Nelson v. Whirlpool Corporation et al

Filing 185

ORDER denying 151 Motion to exclude opinions and testimony of Roger Owens; denying 184 Motion for Leave to File Sur-Reply. Signed by Chief Judge William H. Steele on 5/12/2011. (tgw)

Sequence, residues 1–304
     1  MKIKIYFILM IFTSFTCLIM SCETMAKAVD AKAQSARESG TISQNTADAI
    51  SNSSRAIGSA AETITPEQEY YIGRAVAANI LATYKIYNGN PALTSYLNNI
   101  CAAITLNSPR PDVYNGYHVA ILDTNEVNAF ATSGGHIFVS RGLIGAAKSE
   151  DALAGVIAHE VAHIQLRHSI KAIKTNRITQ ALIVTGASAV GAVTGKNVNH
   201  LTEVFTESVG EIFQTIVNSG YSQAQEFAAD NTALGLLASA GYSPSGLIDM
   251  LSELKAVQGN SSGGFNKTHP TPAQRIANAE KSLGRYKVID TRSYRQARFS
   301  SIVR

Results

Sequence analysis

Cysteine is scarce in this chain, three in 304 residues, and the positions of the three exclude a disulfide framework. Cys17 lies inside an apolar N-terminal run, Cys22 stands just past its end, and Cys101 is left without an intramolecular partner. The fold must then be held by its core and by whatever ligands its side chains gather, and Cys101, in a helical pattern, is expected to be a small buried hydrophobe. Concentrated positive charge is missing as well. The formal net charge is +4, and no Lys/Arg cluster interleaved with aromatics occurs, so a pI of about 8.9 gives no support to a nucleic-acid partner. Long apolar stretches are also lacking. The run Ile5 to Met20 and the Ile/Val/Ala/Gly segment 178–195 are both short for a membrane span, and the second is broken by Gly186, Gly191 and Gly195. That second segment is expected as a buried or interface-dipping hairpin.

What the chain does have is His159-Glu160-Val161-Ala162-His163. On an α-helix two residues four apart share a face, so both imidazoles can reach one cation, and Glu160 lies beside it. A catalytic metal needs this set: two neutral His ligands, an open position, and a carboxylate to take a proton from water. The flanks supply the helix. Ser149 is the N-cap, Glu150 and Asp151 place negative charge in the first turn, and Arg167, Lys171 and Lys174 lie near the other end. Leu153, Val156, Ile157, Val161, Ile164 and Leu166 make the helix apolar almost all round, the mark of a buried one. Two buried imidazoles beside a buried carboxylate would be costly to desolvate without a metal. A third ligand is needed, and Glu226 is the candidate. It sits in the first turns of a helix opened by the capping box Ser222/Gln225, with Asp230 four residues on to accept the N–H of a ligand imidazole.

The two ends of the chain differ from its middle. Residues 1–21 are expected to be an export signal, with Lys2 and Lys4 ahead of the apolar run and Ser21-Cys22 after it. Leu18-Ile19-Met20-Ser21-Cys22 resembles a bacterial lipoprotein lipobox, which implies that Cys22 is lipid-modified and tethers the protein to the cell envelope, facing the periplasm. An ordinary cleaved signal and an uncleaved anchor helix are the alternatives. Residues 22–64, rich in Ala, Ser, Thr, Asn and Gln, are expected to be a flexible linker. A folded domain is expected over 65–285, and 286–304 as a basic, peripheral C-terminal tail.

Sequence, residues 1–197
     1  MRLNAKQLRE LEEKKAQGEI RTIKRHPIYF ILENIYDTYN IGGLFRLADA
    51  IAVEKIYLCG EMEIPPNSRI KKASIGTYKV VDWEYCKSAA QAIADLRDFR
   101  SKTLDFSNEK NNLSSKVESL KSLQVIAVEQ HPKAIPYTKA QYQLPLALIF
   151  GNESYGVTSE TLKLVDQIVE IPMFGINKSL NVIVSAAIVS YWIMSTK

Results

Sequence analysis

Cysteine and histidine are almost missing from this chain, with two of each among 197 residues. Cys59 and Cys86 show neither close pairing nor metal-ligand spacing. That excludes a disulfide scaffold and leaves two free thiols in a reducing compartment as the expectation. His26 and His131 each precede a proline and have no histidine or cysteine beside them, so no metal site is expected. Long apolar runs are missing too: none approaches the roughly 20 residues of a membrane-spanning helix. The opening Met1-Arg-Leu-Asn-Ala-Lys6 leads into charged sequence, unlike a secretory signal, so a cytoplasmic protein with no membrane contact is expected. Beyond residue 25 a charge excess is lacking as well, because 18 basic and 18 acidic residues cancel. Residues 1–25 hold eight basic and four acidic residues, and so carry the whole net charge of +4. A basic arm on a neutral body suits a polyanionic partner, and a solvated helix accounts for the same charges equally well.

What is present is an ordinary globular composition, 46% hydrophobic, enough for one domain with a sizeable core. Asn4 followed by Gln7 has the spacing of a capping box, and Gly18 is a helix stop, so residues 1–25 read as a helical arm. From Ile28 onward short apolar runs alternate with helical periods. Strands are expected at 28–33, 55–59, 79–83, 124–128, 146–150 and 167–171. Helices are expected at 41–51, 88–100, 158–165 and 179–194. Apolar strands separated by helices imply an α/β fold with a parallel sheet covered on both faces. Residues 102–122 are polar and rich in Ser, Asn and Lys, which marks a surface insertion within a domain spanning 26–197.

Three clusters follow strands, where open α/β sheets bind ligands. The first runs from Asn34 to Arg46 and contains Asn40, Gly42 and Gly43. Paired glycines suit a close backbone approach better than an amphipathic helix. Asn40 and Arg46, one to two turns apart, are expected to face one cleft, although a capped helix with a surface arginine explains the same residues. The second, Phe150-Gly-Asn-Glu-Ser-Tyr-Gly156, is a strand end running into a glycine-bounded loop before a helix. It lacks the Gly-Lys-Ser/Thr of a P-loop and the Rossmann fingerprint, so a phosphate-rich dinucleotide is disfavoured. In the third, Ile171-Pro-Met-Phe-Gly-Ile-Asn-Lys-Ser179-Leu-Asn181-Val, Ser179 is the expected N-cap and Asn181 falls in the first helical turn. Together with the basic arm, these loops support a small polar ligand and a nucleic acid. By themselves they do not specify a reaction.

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IN THE UNITED STATES DISTRICT COURT FOR THE SOUTHERN DISTRICT OF ALABAMA SOUTHERN DIVISION DAVID H. NELSON, etc., et al., Plaintiffs, v. WHIRLPOOL CORPORATION, Defendant. ) ) ) ) ) CIVIL ACTION 09-0520-WS-B ) ) ) ) ORDER This matter is before the Court on the defendant’s Daubert motion as to Roger Owens. (Doc. 151). The parties have submitted briefs and evidentiary materials in support of their respective positions, (Docs. 152, 166, 169-76, 181), and the motion is ripe for resolution.1 The plaintiffs are the personal representatives of the estates of their three minor children, who died in a house fire on January 30, 2009. The defendant is the manufacturer of a combination air conditioner/heater window unit in the home. The amended complaint alleges that the unit caught fire, engulfing the house and claiming the children’s lives. (Doc. 1 at 53). Roger Owens is an electrical engineer. Owens identified the cause of the fire as a failure within the unit’s control box. In particular, Owens isolated two switch terminals as the only possible sources of the fire, from a contact failure resulting in electrical arcing. Terminal 9 supplies power to the air conditioning compressor, and Owens identified it as the cause of the fire if the unit was in cooling mode. Terminal 6 supplies 1 The plaintiffs’ motion for leave to file sur-reply, (Doc. 184), is denied. [1] power to the heaters, and Owens identified it as the cause of the fire if the unit was in the heat cycle.2 The defendant challenges Owens’ ability to render these opinions. The defendant has requested an evidentiary hearing, (Doc. 151 at 2), a decision committed to the Court’s sound discretion. Cook v. Sheriff of Monroe County, 402 F.3d 1092, 1113 (11th Cir. 2005). “As we have explained previously, Daubert hearings are not required, but may be helpful in complicated cases involving multiple expert witnesses.” Id. (internal quotes omitted). For example, “[a] district court should conduct a Daubert inquiry when the opposing party’s motion for a hearing is supported by conflicting medical literature and expert testimony.” United States v. Hansen, 262 F.3d 1217, 1234 (11th Cir. 2001). Although the defendant cites to other experts to show their opinions conflict with Owens’, as discussed below that is not grounds for excluding his opinions; even if it were, their opinions are adequately set forth in the deposition excerpts on which the defendant relies. Accordingly, the Court declines to hold a hearing.3 “Expert testimony may be admitted into evidence if: (1) the expert is qualified to testify competently regarding the matters he intends to address; (2) the methodology by which the expert reaches his conclusions is sufficiently reliable as determined by the sort of inquiry mandated in Daubert; and (3) the testimony assists the trier of fact, through the application of scientific, technical or specialized expertise, to understand the evidence or to determine a fact in issue.” City of Tuscaloosa v. Harcros Chemicals, Inc., 158 F.3d 548, 562 (11th Cir. 1998) (footnote omitted). There are thus three discrete inquiries: 2 Owens recognized that, if the unit was in cooling mode, Terminal 6 could not be the cause of the fire (because it would not be energized), and if it was in the heat cycle, Terminal 9 could not be the cause, for the same reason. 3 The Court also declines the defendant’s request to schedule oral argument. See Local Rule 7.3. [2] qualifications, relevance, and reliability.4 The burden of establishing these three requisites lies with the proponent. United States v. Frazier, 387 F.3d 1244, 1260 (11th Cir. 2004) (en banc).5 An expert may be qualified “by knowledge, skill, experience, training, or education.” Fed. R. Evid. 702. An expert is not necessarily unqualified simply because her experience does not precisely match the matter at hand. See Maiz v. Virani, 253 F.3d 641, 665 (11th Cir. 2001) (an economic expert was qualified even though he “ha[d] no real estate development experience and thus no basis to opine regarding how the pilfered funds would have been invested by the Plaintiffs”); id. at 669 (expert knowledgeable concerning the practices of Mexican immigration authorities generally was qualified to testify even though he had no experience with Monterey officials in particular). The defendant, which has employed Owens’ services in numerous cases, does not challenge his qualifications. (Doc. 152 at 18). To the requirement of Rule 401 that evidence possess a “tendency to make the existence of any fact that is of consequence to the determination of the action more probable or less probable,” Rule 702 adds that expert evidence must “assist the trier of fact to understand the evidence or to determine a fact in issue.” The evidence must “concern matters that are beyond the understanding of the average lay person. ... Proffered expert testimony generally will not help the trier of fact when it offers nothing more than what lawyers for the parties can argue in closing arguments.” Frazier, 387 F.3d at 1262-63. In addition, there must be “an appropriate ‘fit’ with respect to the offered opinion and the facts of the case.” McDowell v. Brown, 392 F.3d 1283, 1299 4 See Quiet Technology DC-8, Inc. v. Hurel-Dubois UK Ltd., 326 F.3d 1333, 1341 (11th Cir. 2003) (although there is “some overlap” among these inquiries, they “are distinct concepts that courts and litigants must take care not to conflate”). 5 Expert testimony must also satisfy other applicable rules of evidence, including Rules 401, 402 and 403. Allison v. McGhan Medical Corp., 184 F.3d 1300, 1309 (11th Cir. 1999). [3] (11th Cir. 2004); accord Boca Raton Community Hospital, Inc. v. Tenet Health Care Corp., 582 F.3d 1227, 1232 (11th Cir. 2009). The defendant argues that Owens’ opinion that a failure at Terminal 9 caused the fire does not “fit” the facts of the case because the unit was not in cooling mode but in the heat cycle. (Doc. 152 at 8; Doc. 181 at 1). The defendant’s argument assumes it has been definitively resolved that the unit was in the heat cycle at the moment the fire started. It has not. Most obviously, Owens’ testimony is that Terminal 9 shows physical signs of extreme temperature exposure from an internal source that are consistent with and indicate a fire-causing contact failure, and the defendant has not attempted to show that the methodology Owens employed to reach this conclusion is unreliable. That is, Owens’ scientific testimony itself indicates the unit was in cooling mode, and it is sufficient on its own to raise a jury question as to whether the unit was in that mode when the fire began. The defendant complains that Mrs. Nelson and her surviving son testified the heater was on, the complaint alleges it, Owens’ report states it, and the cold weather supports it. (Doc. 152 at 11-12; Doc. 181 at 6-7). The actual testimony is not as strong or complete as the defendant believes, and it is certainly not unheard of for a family member growing too hot during the night to alter a setting. The defendant also ignores its own expert’s initial belief – later retracted – that Terminal 9 was energized at the time of the fire. But that is for the jury to sort out; the defendant offers no explanation how the Court can on a Daubert motion take the factual question of the unit’s setting from the jury. Even were the lay evidence as strong as the defendant presents it, and even if the Court could withdraw fact questions from the jury on a Daubert motion, as noted above Owens’ own testimony creates a fact issue as to the unit’s setting. It is not correct, as the defendant appears to assume, that an expert is forbidden to draw conclusions that suggest a different underlying fact than testified to by lay witnesses, as is obvious from a simple example. Under the defendant’s view, once a lay witness testified without lay contradiction that she was driving 30 miles per hour at the moment of collision, no expert [4] could testify that, based on his exhaustive and impeccable scientific study, her speed at collision was 50 mph. The suggestion is untenable; the very point of scientific testimony is to test and either support or discredit unscientific assumptions and assertions about the relevant events, not to be held hostage to them. The most heavily litigated component of the Daubert analysis is reliability. Expert testimony “must be ‘scientific,’ meaning grounded in the methods and procedures of science, and must constitute ‘knowledge,’ meaning more than subjective belief or unsupported assumptions.” McDowell, 392 F.3d at 1298. Rule 702 identifies three components of the reliability element: “(1) the testimony is based upon sufficient facts or data, (2) the testimony is the product of reliable principles and methods, and (3) the witness has applied the principles and methods reliably to the facts of the case.” Daubert identifies several non-exclusive factors that a court may consider as appropriate in gauging the reliability of the principles and methods utilized by the expert: (1) whether the methodology has been, or is amenable to, testing; (2) whether it has been subjected to peer review and/or publication; (3) the known and potential error rate of the methodology; and (4) whether it has been generally accepted in the relevant scientific community. 509 U.S. at 593-94. “Notably, ... these factors do not exhaust the universe of considerations that may bear on the reliability of a given expert opinion, and a federal court should consider any additional factors that may advance its Rule 702 analysis.” Quiet Technology DC-8, Inc. v. Hurel-Dubois UK Ltd., 326 F.3d 1333, 1341 (11th Cir. 2003). Among such factors, “[i]n evaluating the reliability of an expert’s method, ... a district court may properly consider whether the expert’s methodology has been contrived to reach a particular result.” Rink v. Cheminova, Inc., 400 F.3d 1286, 1293 n.7 (11th Cir. 2005). Whatever factors are considered, the Court’s focus should “be solely on principles and methodology, not the conclusions they generate.” Allison v. McGhan Medical Corp., 184 F.3d 1300, 1312 (11th Cir. 1999) (internal quotes omitted). It is therefore error to conflate admissibility with credibility, as by considering the relative weight of competing [5] experts and their opinions. Quiet Technology, 326 F.3d at 1341. Thus, for example, “a district court may not exclude an expert because it believes the expert lacks personal credibility because of prior bad acts or other prior instances of untruthfulness.” Rink, 400 F.3d at 1293 n.7. Owens’ initial report specified the cause of the fire as a contact failure at Terminal 9. Shortly before his deposition, Owens issued a second report, which identified the cause as a contact failure at either Terminal 9 or Terminal 6, depending on the mode in which the unit was operating. The defendant argues that Owens’ implication of Terminal 6 is unreliable because his methodology failed to follow any scientific basis and because his opinion is contrary to the scientific testing in the case. (Doc. 152 at 15; Doc. 181 at 1). According to the defendant, the only basis for Owens’ opinion as to Terminal 6 is that he belatedly realized Terminal 9 was not energized in the heat cycle but that Terminal 6 was. If that were indeed Owens’ only basis, there would be a serious question of the reliability of his opinion concerning Terminal 6, but it is not. As discussed by the plaintiffs, Owens’ methodology, recognized by authoritative sources, was to utilize a process of elimination of possible causes of the fire. He first ruled out external sources, then identified possible internal sources in the area of the house where the fire was initially seen. He ruled out the house’s wiring, then eliminated the receptacle to which the unit was connected and the power cord connecting the unit to the receptacle. Owens then ruled out all sources within the unit other than the control box. The physical evidence indicated the fire started inside the control box, because the capacitor did not blow out as it is designed to do when subjected to heat from outside the control box but melted first from the wiring connected to the selector switch, which was consistent with a fire originating from within the control box. Owens then ruled out the capacitor and all terminals except Terminal 9 and Terminal 6. At this point, Owens had eliminated, by examination and testing, all possible sources of the fire other than Terminals 9 and 6, and he so stated in his initial report. As [6] between these two possible sources, Owens identified Terminal 9 as the cause because its more dramatic physical evidence of abnormal electrical activity made it a more likely candidate. Owens did not in his initial report rule out Terminal 6 as the source, and his second report and deposition confirm that he found physical evidence at Terminal 6 sufficient to implicate it as the source. Thus his opinion that Terminal 9 was the cause if the unit was in cool mode and that Terminal 6 was the cause if the unit was in the heat cycle. The defendant does not argue that Owens’ methodology of progressively ruling out fire sources is unreliable. He was thereby left with two possible causes. If the unit was in the heat cycle, as the defendant maintains, Terminal 9 would not be a possible cause, leaving – by the same methodology – Terminal 6 as the only possible cause. Owens’ opinion as to Terminal 6 is not unreliable as failing to follow any scientific basis. The defendant’s challenge to Owens’ opinion on Terminal 6 as contrary to the scientific testing is likewise unavailing. The defendant is essentially asking the Court to accept the opinion of its experts that there is no evidence of abnormal electrical activity at Terminal 6 over the testimony of Owens that there is, and the Court is precluded from weighing the relative credibility of experts at this stage. The same is presumably true with respect to the defendants’ position that Owens’ opinion contradicts that of the plaintiffs’ metallurgist, Rex McClellan. At any rate, Owens’ opinion is not in irredeemable conflict with McClellan’s. Owens testified that pitting and material transfer are indicative of electrical arcing, and there is evidence of pitting and material transfer at Terminal 6. McClellan did testify that he found no physical evidence of arcing at Terminal 9 (he was not asked about Terminal 6), but he also testified that microarcing ordinarily occurs without leaving any physical evidence. McClellan specifically stated that Owens could be correct about the arcing but that he (McClellan) simply could not verify it with physical evidence of microarcing. Owens’ opinion as to Terminal 6 is not an opinion “contrived solely for present litigation” as that and like terms are used in the cases to which the defendant cites. (Doc. [7] 152 at 26-27). His opinion, presumably like all those offered in this litigation, applies pre-existing expertise to this particular case and responds to the issues presented by it, which makes the opinion not suspect but useful. Likewise, his opinion is not simply his “ipse dixit.” (Id. at 28). To the uncertain extent the defendant suggests that Owens’ opinion is impermissibly speculative because he “equivocates” between Terminal 6 and Terminal 9, (Doc. 152 at 20), the objection is meritless. The dual possibilities are not the result of speculation but a response to differing views among the litigants of the mode in which the unit was operating. Nothing in McClain v. Metabolife International, Inc., 401 F.3d 1233 (11th Cir. 2005), to which the defendant cites, draws Owens’ opinion into question. In its reply brief, the defendant advances a new argument: that Owens did not reliably exclude the power cord as a potential cause of the fire. (Doc. 181 at 1, 6, 9-10). No such argument appears in the defendant’s principal brief. District courts, including this one, ordinarily do not consider arguments raised for the first time on reply.6 The defendant offers no reason the Court should excuse it from application of the rule in this case, and the Court declines to do so. The defendant should not assume its argument would have prevailed had it been timely presented. 6 See Park City Water Authority v. North Fork Apartments, L .P., 2009 WL 4898354 at *1 n.2 (S.D. Ala. 2009) (citing cases from over 40 districts applying the rule in 2009 alone). The Eleventh Circuit follows a similar rule. E.g., Herring v. Secretary, Department of Corrections, 397 F.3d 1338, 1342 (11th Cir. 2005) (“As we have repeatedly admonished, arguments raised for the first time in a reply brief are not properly before a reviewing court.”) (internal quotes omitted). The Court has identified some of the reasons supporting the rule. “In order to avoid a scenario in which endless sur-reply briefs are filed, or the Court is forced to perform a litigant’s research for it on a key legal issue because that party has not had an opportunity to be heard, or a movant is incentivized to save his best arguments for his reply brief so as to secure a tactical advantage based on the nonmovant’s lack of opportunity to rebut them, this Court does not consider arguments raised for the first time in a reply brief.” Hardy v. Jim Walter Homes, Inc., 2008 WL 906455 at *8 (S.D. Ala. 2008). [8] For the reasons set forth above, the defendant’s motion to exclude opinions and testimony of Roger Owens is denied. DONE and ORDERED this 12th day of May, 2011. s/ WILLIAM H. STEELE CHIEF UNITED STATES DISTRICT JUDGE [9]